02/01/2019 0 Comments
Can I Sue If I’ve Injured Myself On Someone Else’s Property?
Your Trusted Accident Lawyers in Peterborough and Whitby
If you are seriously injured on property due to the negligence of an occupier of that property, you may be entitled to compensation. An occupier is an owner, tenant or someone who is in physical possession of the premises or has responsibility for and control over it.
What Kind of Accident Can I Sue For?
A slip or trip and fall accident can occur anywhere, on public property, at a private business, or at someone’s home. Common reasons for such lawsuits include poor maintenance and poor lighting (eg., a slippery surface on a parking lot or a torn carpet).
Do I Have a Basis for a Lawsuit?
Whether an owner or occupier is liable for the accident will depend on whether s/he had a duty of care, if he/she breached that duty, if the breach caused the injury, and if damages actually occurred. Each of these components for a tort case in negligence are outlined below.
• Was there a Duty of Care? The Occupiers Liability Act sets out the basic standards that all occupiers of property must meet. Occupiers must ensure that people entering onto the premises and their property are reasonably safe. This standard applies to the condition of the premises, activities on the premises and even the conduct of third parties on the premises.
• Was the Standard of Care Breached? Did the occupier fail to make a reasonable effort to keep the premises safe? Or, did a dangerous situation exist that the occupier should have recognized and remedied, but failed to? An occupier is required to act ‘as a reasonably prudent person’ would have acted under circumstances similar to those leading up to the accident.
• Did the Breach Cause the Injury? Was the unsafe or hazardous condition the actual cause of your injury? Or was it your own fault? Or was the injury the result of a pre-existing condition? Keep in mind that, even if you or your pre-accident health are found to have contributed to your injuries, the occupier can still be liable for your injuries on a proportionate basis.
• What are the Damages? Did the accident result in injuries and to what extent? Do you have to live with pain? Do you have limitations? Are you unable to work?
The burden of proof for the lawsuit falls on you, the plaintiff, in the case. However, your lawyer can help you establish who is the ‘occupier’, whether the occupier is liable, and, if so, that you suffered injuries as a result of their action or inaction.
Who Do I Sue If I’m Injured?
If you suffer a slip or trip and fall type of accident at a business, home or recreational property, it is important to find out who is legally responsible. Determining the legally responsible party, as well as their proper legal name, is usually the first task your lawyer will undertake.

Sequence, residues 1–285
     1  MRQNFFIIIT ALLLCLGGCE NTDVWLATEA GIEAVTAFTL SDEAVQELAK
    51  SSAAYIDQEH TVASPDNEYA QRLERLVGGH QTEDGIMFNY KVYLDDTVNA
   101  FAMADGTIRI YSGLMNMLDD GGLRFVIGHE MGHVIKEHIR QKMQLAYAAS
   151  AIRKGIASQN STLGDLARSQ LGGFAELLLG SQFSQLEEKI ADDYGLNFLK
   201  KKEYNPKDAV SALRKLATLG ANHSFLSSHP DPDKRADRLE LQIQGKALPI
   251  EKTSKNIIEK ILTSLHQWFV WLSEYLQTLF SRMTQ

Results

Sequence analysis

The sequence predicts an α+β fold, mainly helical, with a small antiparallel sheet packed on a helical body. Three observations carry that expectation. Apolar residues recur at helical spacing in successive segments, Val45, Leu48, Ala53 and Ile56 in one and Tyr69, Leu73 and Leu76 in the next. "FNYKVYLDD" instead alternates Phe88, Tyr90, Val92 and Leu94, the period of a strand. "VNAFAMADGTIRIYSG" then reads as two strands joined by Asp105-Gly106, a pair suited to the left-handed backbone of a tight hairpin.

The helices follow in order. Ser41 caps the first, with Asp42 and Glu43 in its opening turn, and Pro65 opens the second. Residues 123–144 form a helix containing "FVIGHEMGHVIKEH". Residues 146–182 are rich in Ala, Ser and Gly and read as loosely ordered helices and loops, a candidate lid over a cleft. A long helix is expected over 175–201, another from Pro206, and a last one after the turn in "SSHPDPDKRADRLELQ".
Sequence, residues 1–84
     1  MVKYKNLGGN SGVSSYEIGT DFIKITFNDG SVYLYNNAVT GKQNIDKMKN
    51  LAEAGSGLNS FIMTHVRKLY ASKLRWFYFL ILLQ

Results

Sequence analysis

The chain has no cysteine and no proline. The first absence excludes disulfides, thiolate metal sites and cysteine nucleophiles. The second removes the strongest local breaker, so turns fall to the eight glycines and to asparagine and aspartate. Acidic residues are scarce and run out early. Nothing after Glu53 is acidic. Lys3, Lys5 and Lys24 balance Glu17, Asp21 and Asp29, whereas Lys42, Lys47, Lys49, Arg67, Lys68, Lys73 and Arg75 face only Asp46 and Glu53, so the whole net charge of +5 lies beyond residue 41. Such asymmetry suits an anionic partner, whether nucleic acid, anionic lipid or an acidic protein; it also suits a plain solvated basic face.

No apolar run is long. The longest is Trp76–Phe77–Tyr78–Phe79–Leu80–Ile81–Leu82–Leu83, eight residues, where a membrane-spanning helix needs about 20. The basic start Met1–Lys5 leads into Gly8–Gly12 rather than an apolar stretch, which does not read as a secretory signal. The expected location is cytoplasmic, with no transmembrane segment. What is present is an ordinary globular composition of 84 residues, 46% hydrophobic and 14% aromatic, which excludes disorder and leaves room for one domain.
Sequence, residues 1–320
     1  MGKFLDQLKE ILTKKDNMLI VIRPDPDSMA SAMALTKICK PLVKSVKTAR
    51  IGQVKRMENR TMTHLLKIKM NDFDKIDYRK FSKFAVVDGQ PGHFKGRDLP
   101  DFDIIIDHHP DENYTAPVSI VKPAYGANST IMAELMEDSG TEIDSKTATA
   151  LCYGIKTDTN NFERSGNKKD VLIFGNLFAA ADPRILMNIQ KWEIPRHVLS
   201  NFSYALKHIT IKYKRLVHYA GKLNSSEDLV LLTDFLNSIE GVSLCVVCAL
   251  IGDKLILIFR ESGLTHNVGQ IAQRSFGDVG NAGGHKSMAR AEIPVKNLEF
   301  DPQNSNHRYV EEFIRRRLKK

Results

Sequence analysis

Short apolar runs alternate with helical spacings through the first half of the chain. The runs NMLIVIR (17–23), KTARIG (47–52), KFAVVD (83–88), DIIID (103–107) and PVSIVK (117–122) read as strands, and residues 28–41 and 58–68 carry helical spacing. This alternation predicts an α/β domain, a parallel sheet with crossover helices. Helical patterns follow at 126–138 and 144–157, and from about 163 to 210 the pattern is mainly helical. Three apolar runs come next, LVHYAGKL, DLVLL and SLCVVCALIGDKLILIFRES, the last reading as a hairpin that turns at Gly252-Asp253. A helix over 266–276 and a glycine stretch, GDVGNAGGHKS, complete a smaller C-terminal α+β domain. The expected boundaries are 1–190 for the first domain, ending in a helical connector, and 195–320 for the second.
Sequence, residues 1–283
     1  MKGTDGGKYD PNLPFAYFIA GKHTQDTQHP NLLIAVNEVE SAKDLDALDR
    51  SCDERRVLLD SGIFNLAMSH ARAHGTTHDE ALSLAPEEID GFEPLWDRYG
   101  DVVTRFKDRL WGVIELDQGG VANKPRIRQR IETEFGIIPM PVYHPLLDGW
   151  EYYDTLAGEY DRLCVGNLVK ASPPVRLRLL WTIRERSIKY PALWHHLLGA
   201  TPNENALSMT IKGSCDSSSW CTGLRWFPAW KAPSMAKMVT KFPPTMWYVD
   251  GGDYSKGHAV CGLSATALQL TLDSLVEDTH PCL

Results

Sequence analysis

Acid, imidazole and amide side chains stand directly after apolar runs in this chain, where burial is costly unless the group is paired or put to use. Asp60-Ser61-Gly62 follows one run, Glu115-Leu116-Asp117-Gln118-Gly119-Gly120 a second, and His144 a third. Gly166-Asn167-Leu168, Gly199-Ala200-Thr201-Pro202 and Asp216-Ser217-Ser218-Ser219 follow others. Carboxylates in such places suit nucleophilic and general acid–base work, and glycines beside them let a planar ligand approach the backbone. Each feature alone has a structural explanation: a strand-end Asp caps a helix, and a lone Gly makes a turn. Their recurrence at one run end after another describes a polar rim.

If you were injured on public property, including public transit, the responsible legal entity will be a city, town or municipality. If this is the case, you must provide notice of your claim shortly after the accident, usually within 10 days, or else you may be prevented from starting a legal action. Due to these time constraints, it’s crucial that you contact a Miskin Law lawyer right away if you are injured on public property.
Some exceptions to occupier’s liability exist. If you were injured on property as a result of criminal activity or trespassing you may not be entitled to damages. A defendant might also try argue that you voluntarily assumed the risk of injury. However, this defence rarely succeeds, as a defendant must show that the injured person clearly understood that the defendant assumed no responsibility for his or her safety at all.
What Is the Legal Process to Pursue Injury Compensation?
The first step in any legal process is to obtain a legal consultation about your specific situation and hire a lawyer to represent you. Your personal injury lawyer can help you navigate the rest of the process.
Once retained, your lawyer will provide prompt notice to the defendant(s) and file a Statement of Claim with the court. The insurance company for each occupier will then respond with a Statement of Defence and, may, at any time, offer to settle your claim.
If the matter does not settle, your lawyer will determine when to schedule an Examination for Discovery. ‘Discovery’ refers to the full disclosure of evidence between the parties before trial. An Examination for Discovery allows the opposing lawyer to ask you questions under oath about the matters involved in the lawsuit. Your lawyer will have the same opportunity to ask questions of the defendant(s).
At any time the occupier’s insurer may request that you attend an independent medical examination. This assessment assists the insurer with respect to negotiations by providing another viewpoint.
Usually a personal injury case is settled long before a trial date is set. However, it is always a possibility that a matter proceeds to trial, so your lawyer will need to prepare your case for litigation along the way. Your Miskin Law lawyer will advise you when you receive a reasonable offer that s/he recommends you accept in your situation.
Of greatest importance is that you speak to a personal injury lawyer early. If you do not meet the required deadline to begin the legal process, your ability to sue is lost and the claim can become ‘statute barred’. The lawyer you meet with at your consultation will discuss the statute of limitations with you.
Call Miskin Law When You Need Accident Lawyers in Whitby
If you have had a slip or trip and fall accident and believe that someone else was negligent, obtain your free consultation with a personal injury and accident lawyer at our Peterborough and Whitby law firm. We can explain what laws apply and the strengths of your case. We can represent you on a contingency fee basis, which means that you don’t pay a legal fee unless and until you receive funds from the claim. Call us today at 1-877-428-8000.